If the number of candles on the cake doesn't match the way you feel and you want to slow the clock there's hope. Research on exercise, nutrition and lifestyle habits to slow and reverse the aging process is exploding. Read on for seven practical tips for making the most of your anti-aging plan.
1. Walk 40 minutes three times a week helps avoid shrinkage of your hippocampus, once thought acceptable with age. A group of older adults who progressed to this moderate walking after a year actually experienced a growth in their hippocampus of 2% where the group that only stretched experienced 1.5% loss. If you're not exercising currently begin with 10 or 15 minutes three times a week. Gradually add three minutes a week to each walk to work up to 40. Don't be tempted to do more on days you feel good. Slow and steady wins.
2. Strength train three times a week with moderate weights. Middle-aged men who did so had increased mitochondria, the "powerhouse" of energy production. Once accepted that mitochondria decrease was a natural part of the aging process, researchers claimed this study shows exercise truly can reverse the aging process.
To begin a strength-training program it's best to seek advice of a fitness instructor for proper technique. Start with one set three times a week performing up to 15 repetitions of 8-10 exercises. After two or three weeks of adaptation increase to two sets. In another two or three weeks without complications increase to a third set. Next you'll increase the weight slightly so that you reduce the repetitions to 10-12.
3. Make your strength training count. Normal bone losses occur at a rate of 1-3% a year beginning at about age 35. Most prone to bone loss are post-menopausal women. Those who use a strength training protocol of heavy enough weights to fatigue at 8 or a minimum of 10 repetitions can prevent those losses from occurring.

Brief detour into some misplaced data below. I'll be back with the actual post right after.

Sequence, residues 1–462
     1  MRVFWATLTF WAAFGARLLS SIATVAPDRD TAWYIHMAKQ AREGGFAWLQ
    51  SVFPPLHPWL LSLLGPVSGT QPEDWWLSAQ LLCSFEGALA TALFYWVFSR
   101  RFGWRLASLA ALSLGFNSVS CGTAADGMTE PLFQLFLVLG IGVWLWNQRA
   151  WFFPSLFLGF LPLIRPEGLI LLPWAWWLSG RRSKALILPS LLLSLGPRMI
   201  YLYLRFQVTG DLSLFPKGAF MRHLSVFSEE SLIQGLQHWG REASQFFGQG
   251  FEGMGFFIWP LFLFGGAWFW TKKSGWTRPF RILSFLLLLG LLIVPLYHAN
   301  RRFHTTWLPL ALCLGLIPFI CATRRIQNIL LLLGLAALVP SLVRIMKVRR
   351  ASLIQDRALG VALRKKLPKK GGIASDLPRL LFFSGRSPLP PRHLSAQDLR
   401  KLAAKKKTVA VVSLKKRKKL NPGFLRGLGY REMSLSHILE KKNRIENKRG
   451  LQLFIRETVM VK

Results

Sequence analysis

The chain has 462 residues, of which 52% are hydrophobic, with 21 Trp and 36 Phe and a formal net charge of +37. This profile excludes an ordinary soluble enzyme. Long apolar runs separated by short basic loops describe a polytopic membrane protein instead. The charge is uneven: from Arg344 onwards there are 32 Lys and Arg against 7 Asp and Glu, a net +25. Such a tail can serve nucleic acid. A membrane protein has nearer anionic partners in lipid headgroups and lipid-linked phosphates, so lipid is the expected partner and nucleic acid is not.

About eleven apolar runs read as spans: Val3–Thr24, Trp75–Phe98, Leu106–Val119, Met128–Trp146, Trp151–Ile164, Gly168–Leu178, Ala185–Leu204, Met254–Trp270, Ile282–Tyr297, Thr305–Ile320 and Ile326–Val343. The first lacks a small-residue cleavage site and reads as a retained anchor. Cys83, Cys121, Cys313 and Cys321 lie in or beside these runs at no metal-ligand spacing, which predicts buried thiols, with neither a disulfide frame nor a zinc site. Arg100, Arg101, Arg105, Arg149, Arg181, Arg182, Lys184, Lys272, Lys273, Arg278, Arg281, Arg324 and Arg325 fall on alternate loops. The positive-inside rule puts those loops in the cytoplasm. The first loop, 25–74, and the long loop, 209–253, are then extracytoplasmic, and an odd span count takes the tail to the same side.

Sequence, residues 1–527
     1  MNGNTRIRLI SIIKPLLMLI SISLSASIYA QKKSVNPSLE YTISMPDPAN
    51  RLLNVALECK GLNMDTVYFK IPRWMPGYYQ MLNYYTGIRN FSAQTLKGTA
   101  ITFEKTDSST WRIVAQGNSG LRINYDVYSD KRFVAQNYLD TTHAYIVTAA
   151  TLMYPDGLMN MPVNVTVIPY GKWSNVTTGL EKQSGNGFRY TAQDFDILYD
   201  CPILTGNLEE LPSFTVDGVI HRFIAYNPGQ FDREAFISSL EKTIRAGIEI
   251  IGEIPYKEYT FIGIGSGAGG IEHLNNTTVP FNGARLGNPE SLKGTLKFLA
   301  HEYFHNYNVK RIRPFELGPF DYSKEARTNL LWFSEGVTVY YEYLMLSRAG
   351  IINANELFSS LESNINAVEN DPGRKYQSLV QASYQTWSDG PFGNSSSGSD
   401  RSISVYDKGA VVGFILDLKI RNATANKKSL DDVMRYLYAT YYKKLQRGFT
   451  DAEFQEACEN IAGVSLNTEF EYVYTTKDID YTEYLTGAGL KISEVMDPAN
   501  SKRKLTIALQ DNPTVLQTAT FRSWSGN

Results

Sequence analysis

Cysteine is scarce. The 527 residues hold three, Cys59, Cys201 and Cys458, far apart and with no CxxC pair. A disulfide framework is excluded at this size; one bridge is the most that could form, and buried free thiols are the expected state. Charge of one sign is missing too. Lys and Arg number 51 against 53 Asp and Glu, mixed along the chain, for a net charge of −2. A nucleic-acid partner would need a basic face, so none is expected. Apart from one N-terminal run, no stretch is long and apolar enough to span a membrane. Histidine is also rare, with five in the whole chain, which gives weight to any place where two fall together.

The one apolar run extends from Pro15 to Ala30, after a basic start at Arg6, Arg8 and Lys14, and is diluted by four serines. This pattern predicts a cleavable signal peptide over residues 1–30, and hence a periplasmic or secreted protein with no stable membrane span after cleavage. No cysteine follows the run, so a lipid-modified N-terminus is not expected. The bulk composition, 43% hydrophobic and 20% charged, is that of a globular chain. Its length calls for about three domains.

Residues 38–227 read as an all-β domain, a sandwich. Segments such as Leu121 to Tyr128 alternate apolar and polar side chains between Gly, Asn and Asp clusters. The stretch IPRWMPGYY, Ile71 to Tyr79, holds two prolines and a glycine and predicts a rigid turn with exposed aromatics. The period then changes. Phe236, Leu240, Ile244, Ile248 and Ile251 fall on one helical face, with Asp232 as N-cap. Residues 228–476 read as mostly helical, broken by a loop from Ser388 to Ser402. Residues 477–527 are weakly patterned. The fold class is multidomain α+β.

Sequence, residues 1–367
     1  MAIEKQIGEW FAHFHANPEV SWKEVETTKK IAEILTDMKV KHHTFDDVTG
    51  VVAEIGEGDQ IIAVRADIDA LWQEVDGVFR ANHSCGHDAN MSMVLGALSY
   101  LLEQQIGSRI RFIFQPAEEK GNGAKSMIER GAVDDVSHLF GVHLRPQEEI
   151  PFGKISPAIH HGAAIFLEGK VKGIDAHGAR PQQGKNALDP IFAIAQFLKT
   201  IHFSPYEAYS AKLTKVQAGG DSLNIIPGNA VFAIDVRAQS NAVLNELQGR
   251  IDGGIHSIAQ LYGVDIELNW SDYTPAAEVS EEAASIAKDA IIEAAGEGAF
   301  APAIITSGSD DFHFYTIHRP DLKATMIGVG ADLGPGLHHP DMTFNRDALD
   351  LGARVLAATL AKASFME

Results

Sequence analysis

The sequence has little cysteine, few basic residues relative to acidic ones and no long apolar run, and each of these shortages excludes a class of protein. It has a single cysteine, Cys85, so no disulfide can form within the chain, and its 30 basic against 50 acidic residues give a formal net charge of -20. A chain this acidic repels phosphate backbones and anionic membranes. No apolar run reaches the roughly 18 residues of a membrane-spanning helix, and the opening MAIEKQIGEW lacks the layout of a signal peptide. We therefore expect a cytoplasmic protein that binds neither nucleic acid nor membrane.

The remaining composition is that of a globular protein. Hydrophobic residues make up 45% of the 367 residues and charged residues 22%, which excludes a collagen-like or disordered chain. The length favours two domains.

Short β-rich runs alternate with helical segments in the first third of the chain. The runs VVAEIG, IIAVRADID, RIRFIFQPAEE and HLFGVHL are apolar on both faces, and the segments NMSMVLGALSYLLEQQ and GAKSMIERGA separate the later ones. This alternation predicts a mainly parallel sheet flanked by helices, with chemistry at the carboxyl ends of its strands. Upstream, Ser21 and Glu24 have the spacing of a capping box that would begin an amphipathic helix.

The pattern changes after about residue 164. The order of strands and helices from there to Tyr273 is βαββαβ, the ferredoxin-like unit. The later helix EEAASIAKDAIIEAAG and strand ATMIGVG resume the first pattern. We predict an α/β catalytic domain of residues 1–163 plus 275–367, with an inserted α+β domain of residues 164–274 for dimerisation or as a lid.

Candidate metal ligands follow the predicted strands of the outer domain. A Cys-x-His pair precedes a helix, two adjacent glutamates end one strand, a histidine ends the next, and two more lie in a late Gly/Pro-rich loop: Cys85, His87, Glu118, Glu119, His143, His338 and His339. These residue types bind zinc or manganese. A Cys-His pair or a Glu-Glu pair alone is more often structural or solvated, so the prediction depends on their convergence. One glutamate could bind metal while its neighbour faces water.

Lifting lighter weights more repetitions does work for muscle endurance but does not have a positive effect on bone density.
4. Muscle losses occur at a rate of.8 to 1% a year after the age of 30. Though most Americans believe they eat plenty and take in adequate protein, studies show that self-reports are not accurate and protein intake is insufficient for aging individuals to maintain muscle. The exercising adult that thinks they are compensating for losses with strength training can be accelerating losses without sufficient protein intake. Research suggests that 30 gms of protein three times a day is optimal for muscle protein synthesis. High quality proteins like lean meat, fish, and dairy are best. Start by reading labels and planning carefully.
5. Eat early like a King and late like a pauper. Studies in Obesity journal showed those who ate the majority of their calories early in the day and ate lighter at lunch and lightest at dinner lost more weight than those who saved the largest meal for late in the day.
6. Continue to consume adequate amounts of calcium, not only for your bones but for weight control. Studies show that 1200 mgs of calcium after the age of 50, along with 400 IU of Vitamin D can help with belly fat loss.
Drinking dairy milk is one of the easiest ways of accomplishing this but if you don't tolerate dairy, read labels to make sure you're getting what you need. Consult your physician about a supplement if not.
7. Too little sleep could make you 30% more likely to be fat. Those who get between seven and nine hours of sleep are less likely to become obese than those with less than six hours a day. The amount of sleep time appeared a bigger weight determinant than genetics.Avoid extended afternoon naps and late day caffeine. Both can reduce quality of nighttime sleep. Try to get plenty of sunlight and fresh air during the day. A warm bath or shower two to three hours before bed can prepare your body for sleep as your body temperature comes back down. Keep the room cool. Most of all establish a routine with same time to bed and to rise.